Feuz starts his presentation by posing four main questions he wanted to deal with while creating Perspectoma.

•    how soon (after how many queries) will Google Personal search play a roll in the Google search returns?
•    how do these personal returns develop in terms of frequency and intensity?
•    what underlying patterns can we identify?
•    how will grouping of profiles influence the search terms?

To find answers to these questions, Feuz describes the research he did according to the 3 ghost accounts based on the characters Kant, Foucault and Nietzsche. He trained all of the accounts equally in training sessions with the help of software that did different search queries. To do this, he had to find a way to make an artificial profile relational for subjective inspection of personalized search results. To tackle this problem, he used specific books for the different theorists. He also had to find a way to get plenty search terms to create profiles.
After training session 1 Feuz found that the search returns for Foucaults profile were personalized results quite early, but not very frequently. The search returns for Kant were a bit of personalized but not to much/to often. Feuz also considers that this could have to do with the type language Kant uses in his books. For Nietszche a lot of personalized results turned up, but this actually was the result of a small glitch in the technology.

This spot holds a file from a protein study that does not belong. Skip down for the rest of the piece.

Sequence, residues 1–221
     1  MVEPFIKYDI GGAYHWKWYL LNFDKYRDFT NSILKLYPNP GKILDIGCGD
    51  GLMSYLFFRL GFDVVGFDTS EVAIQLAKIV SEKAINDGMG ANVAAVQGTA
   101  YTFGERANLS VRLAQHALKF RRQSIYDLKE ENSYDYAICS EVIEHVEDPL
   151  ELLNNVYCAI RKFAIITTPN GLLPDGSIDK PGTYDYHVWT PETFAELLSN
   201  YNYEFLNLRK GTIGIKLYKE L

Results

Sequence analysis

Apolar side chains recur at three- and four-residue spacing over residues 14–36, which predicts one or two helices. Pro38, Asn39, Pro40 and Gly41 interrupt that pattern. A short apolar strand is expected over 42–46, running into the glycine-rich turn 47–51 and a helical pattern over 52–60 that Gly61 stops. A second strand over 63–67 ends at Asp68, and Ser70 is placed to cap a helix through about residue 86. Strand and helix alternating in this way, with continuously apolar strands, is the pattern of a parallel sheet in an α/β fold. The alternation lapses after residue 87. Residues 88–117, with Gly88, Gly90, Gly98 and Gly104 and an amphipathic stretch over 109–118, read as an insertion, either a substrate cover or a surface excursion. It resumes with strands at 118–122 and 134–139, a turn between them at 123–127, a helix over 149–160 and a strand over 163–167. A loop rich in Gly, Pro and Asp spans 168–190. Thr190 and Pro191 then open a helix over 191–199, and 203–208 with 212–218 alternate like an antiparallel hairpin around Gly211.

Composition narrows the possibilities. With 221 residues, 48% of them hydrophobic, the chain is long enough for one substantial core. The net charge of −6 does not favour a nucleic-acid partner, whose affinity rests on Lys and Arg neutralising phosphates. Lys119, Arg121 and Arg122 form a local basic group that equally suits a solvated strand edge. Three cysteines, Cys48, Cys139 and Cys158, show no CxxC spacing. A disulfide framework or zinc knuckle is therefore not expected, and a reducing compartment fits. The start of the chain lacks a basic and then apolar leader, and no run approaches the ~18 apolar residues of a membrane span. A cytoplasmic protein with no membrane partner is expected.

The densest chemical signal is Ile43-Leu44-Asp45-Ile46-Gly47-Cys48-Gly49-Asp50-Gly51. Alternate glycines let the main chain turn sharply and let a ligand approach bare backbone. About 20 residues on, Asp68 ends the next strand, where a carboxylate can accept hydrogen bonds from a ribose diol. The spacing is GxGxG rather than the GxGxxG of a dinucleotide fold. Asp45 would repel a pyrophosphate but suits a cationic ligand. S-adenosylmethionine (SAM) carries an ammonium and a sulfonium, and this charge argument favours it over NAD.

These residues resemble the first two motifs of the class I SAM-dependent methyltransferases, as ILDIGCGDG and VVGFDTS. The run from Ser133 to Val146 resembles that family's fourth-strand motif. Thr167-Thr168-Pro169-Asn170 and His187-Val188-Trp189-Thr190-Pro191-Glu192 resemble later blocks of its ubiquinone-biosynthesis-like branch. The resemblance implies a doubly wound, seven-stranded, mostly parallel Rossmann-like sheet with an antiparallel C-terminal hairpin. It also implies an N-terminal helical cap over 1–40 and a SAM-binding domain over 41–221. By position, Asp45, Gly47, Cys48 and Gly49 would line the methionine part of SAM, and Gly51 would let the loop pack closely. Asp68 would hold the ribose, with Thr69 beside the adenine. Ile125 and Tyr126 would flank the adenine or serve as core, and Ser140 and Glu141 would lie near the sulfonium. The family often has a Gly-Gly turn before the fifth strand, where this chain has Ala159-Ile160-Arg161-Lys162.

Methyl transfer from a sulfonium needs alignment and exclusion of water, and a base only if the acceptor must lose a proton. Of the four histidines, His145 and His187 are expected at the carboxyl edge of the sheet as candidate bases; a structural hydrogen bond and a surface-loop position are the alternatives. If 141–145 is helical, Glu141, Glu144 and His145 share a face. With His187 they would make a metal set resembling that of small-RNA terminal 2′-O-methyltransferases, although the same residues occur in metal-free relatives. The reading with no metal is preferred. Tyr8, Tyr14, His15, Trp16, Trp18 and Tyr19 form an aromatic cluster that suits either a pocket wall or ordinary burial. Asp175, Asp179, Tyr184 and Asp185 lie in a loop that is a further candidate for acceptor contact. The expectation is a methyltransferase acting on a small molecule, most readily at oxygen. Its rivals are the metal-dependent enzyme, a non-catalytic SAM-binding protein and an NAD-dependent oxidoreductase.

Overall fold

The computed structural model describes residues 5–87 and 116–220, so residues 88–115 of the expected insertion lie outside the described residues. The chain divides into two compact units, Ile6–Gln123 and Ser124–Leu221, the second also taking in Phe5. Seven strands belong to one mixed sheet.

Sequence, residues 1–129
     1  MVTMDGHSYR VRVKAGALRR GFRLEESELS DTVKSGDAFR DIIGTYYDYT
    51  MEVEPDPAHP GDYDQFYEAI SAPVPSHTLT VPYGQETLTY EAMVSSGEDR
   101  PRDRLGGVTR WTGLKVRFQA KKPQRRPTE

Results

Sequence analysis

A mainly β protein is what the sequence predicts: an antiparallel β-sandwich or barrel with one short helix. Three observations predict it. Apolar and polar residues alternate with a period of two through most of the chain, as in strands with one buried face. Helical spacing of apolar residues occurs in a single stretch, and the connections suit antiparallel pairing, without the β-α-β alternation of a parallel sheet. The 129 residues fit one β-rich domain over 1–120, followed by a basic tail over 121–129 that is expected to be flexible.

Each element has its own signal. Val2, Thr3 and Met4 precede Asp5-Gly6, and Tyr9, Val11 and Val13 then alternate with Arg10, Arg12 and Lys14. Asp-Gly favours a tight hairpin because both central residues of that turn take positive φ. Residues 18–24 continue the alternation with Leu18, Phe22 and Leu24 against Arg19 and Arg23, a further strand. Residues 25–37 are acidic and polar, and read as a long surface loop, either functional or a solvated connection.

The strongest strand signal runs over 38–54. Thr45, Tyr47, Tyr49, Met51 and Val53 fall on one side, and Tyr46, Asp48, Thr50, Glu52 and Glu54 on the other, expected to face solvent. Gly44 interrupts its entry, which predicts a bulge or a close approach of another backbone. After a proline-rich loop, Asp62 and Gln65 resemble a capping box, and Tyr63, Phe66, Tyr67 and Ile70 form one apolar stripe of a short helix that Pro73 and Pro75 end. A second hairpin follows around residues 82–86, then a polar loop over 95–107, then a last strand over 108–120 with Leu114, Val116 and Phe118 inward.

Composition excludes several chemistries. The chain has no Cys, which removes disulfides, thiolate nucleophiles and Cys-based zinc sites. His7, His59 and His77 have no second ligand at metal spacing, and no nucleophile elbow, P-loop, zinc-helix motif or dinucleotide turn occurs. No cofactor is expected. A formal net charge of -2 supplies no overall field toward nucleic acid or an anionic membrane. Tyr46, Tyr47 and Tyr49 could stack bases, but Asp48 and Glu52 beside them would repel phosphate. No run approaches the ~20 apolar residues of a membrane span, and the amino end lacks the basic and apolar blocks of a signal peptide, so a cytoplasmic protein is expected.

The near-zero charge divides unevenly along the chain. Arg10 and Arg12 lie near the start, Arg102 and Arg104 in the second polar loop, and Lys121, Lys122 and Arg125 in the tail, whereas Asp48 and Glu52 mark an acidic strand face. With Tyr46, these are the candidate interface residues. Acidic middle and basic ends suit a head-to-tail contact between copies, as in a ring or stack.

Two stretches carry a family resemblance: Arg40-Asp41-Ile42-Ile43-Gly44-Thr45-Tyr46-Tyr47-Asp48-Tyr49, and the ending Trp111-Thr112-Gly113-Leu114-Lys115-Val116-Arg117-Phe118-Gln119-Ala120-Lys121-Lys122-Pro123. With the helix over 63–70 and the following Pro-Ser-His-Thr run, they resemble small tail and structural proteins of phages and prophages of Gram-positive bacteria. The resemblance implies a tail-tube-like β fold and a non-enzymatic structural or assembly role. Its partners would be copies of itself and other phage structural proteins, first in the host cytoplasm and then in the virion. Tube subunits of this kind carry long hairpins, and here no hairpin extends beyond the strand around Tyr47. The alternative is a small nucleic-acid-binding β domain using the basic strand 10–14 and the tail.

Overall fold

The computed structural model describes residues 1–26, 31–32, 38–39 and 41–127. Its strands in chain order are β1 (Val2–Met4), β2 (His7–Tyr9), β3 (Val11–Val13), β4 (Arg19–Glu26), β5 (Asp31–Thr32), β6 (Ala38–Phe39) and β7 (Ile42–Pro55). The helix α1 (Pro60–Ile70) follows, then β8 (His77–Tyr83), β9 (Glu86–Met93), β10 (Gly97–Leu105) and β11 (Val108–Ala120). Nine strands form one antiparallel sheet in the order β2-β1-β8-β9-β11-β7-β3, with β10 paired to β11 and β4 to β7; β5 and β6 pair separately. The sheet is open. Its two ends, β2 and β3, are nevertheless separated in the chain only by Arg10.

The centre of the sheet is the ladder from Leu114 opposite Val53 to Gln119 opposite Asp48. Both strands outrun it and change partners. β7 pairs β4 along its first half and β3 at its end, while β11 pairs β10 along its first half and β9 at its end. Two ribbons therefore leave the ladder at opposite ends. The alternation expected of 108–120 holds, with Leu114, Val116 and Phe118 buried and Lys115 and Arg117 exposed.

Martin Feuz concludes that he is surprised how soon the personal search returns seem start turning up. Google personalized search is not shy. After the second training sessions the amount of personal returns seem to grow, while after 3000 search queries more than every second result is personalized. Also, it seems that there is a kind of group profiling happening.
Finally, Feuz states that personalized search does not seem to be able to lift the less dominant voices from deep down the unbiased search returns. Actually, it seems that most often personalization means that only some of the returns from the second page have been swapped into the first ten personal search returns.

Antoine Isaac: Semantic Search for Europeana

Posted: November 17, 2009 at 5:02 pm  |  By: Tjerk Timan  |  Tags: , ,

Society of the Query